Adam Elmachtoub is an Assistant Professor of Industrial Engineering and Operations Research at Columbia University, where he is also a member of the Data Science Institute. His research spans two major themes: (i) designing machine learning and personalization methods to make informed decisions in industries such as retail, logistics, and travel (ii) new models and algorithms for revenue and supply chain management in modern e-commerce and service systems. He previously received his B.S. degree from Cornell in 2009 and his Ph.D. from MIT in 2014, both in operations research. In 2014-2015, he spent one year at the IBM T.J. Watson Research Center working in the area of Smarter Commerce. In 2016, he received an IBM Faculty Award and was one of Forbes 30 under 30 in science.

For more information, please see his CV, Google Scholar page, or this article.


Under Review

Loot Box Pricing and Design, with N. Chen, M. L. Hamilton, and X. Lei
Invited to present at the Federal Trade Commission (FTC) Workshop on Consumer Issues Related to Loot Boxes, 2019 (one of four research papers selected).

Model Trees for Personalization, with A. Aouad, K. J. Ferreira, and R. McNellis

Generalization Bounds in the Predict-then-Optimize Framework, with O. El Balghiti, P. Grigas, and A. Tewari

Static Pricing: Universal Guarantees for Reusable Resources, with O. Besbes and Y. Sun
Accepted in The 20th ACM Conference on Economics and Computation (EC), 2019.
Spotlight presentation at INFORMS Revenue Management and Pricing (RMP), 2019 (top 20% of full paper submissions).

The Value of Personalized Pricing, with V. Gupta and M. L. Hamilton
Finalist, INFORMS Service Science Cluster Best Paper Competition, 2018.

Smart "Predict, then Optimize", with P. Grigas
Major revision in Management Science.

The Power of Opaque Products in Pricing, with M. L. Hamilton
Major revision in Management Science.
Accepted in The 13th Conference on Web and Internet Economics (WINE), 2017.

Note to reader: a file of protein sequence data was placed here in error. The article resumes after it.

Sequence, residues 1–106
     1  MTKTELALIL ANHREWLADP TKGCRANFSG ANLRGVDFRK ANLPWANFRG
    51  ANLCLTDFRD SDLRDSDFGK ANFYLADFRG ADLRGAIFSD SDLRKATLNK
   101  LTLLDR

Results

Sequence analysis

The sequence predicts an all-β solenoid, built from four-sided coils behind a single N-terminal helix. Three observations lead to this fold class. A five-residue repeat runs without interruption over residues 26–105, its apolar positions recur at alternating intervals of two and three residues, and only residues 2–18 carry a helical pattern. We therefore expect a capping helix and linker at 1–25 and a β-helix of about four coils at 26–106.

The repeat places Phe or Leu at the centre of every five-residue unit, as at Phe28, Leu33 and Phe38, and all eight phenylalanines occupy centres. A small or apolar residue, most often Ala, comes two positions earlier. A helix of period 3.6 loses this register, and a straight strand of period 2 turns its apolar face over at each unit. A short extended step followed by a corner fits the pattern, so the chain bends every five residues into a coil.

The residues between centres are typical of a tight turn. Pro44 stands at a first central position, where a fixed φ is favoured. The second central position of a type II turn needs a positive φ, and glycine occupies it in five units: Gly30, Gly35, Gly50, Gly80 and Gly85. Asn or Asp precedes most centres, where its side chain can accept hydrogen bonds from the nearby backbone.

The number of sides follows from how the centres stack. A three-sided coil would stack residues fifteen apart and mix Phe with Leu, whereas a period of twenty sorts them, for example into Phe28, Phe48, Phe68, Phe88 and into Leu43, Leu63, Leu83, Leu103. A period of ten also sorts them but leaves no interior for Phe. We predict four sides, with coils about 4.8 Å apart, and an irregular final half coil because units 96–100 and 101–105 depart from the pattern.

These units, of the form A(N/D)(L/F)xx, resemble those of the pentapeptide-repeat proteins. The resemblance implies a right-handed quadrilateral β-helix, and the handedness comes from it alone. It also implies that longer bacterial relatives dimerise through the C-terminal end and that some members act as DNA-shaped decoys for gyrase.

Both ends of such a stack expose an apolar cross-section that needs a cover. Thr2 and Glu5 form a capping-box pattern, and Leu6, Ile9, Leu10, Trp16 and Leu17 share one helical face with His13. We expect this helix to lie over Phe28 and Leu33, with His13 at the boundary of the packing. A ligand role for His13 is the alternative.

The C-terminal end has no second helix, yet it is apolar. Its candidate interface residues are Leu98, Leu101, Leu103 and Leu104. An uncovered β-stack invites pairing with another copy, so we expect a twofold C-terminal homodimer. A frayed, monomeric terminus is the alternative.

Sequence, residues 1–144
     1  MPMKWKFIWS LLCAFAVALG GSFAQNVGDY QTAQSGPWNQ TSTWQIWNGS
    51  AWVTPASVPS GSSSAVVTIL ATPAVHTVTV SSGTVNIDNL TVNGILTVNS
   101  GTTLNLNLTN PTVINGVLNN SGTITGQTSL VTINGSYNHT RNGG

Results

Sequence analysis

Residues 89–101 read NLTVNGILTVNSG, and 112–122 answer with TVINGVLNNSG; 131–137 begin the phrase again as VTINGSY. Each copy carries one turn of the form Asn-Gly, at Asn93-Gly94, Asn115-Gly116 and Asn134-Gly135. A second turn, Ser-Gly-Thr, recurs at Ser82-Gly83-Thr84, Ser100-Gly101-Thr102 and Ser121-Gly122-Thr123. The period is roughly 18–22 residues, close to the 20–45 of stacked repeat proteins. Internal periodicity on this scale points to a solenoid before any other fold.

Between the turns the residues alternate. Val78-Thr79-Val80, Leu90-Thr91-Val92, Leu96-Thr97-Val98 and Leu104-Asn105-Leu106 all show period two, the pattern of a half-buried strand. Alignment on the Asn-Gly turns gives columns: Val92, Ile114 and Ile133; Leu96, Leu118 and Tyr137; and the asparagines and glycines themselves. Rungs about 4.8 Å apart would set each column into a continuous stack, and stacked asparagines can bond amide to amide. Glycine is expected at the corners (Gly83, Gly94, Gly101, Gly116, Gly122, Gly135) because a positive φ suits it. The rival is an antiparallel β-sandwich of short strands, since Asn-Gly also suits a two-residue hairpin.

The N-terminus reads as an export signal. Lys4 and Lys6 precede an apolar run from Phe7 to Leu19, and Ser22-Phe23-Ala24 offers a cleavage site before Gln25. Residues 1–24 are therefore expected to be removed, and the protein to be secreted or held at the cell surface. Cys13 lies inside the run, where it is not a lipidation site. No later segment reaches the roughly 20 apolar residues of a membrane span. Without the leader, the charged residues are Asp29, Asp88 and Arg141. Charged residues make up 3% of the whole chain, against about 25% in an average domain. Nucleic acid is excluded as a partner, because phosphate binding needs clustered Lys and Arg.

Retailing with Opaque Products, with Y. Wei
Major revision in Manufacturing & Service Operations Management.


A Practical Method for Solving Contextual Bandit Problems Using Decision Trees, with R. McNellis, S. Oh, and M. Petrik
Proceedings of the 33rd Conference on Uncertainty in Artificial Intelligence (UAI), 2017.
Invited for oral presentation (top 10% of submissions).

Supply Chain Management with Online Customer Selection, with R. Levi
Operations Research, Vol. 64(2), p. 458-473, 2016.

The Submodular Joint Replenishment Problem, with M. Cheung, R. Levi, and D. B. Shmoys
Mathematical Programming, Vol. 158(1), p. 207-233, 2016.

From Cost Sharing Mechanisms to Online Selection Problems, with R. Levi
Mathematics of Operations Research, Vol. 40(3), p. 542-557, 2015.

Maximizing the Spread of Cascades Using Network Design, with D. Sheldon, B. Dilkina, R. Finseth, A. Sabharwal, J. Conrad, C. Gomes, D. Shmoys, W. Allen, O. Amundsen, W. Vaughan
Proceedings of the 26th Conference on Uncertainty in Artificial Intelligence (UAI), p. 517-526, 2010.
Invited for oral presentation (top 12% of submissions).

From Random Polygon to Ellipse: An Eigenanalysis, with C. F. Van Loan
SIAM Review, Vol. 52(1), p. 151-170, 2010.
Charles F. Van Loan selected this work as the subject for his 2018 John von Neumann Lecture.


I have the pleasure of working with some fantastic students at Columbia. If you are interested in becoming a student, please apply here.

Ph.D. Students

Michael Hamilton, 2019, Assistant Professor at Katz Graduate School of Business, University of Pittsburgh

Yunjie Sun

Ryan McNellis

Yeqing Zhou

Xiao Lei


IEOR 4418, Transportation Analytics and Logistics (B.S./M.S.), Fall 2016, Spring 2018, 2019, 2020

IEOR 4574, Business Analytics (B.S./M.S.), Spring 2016, 2017 (x2), 2018 (x2), 2019 (x2), 2020

IEOR 8100, Supply Chain Management: Classics and Recent Trends (Ph.D.), Spring 2016

IEOR 8100, Prescriptive Analytics: Theory and Practice (Ph.D.), Fall 2019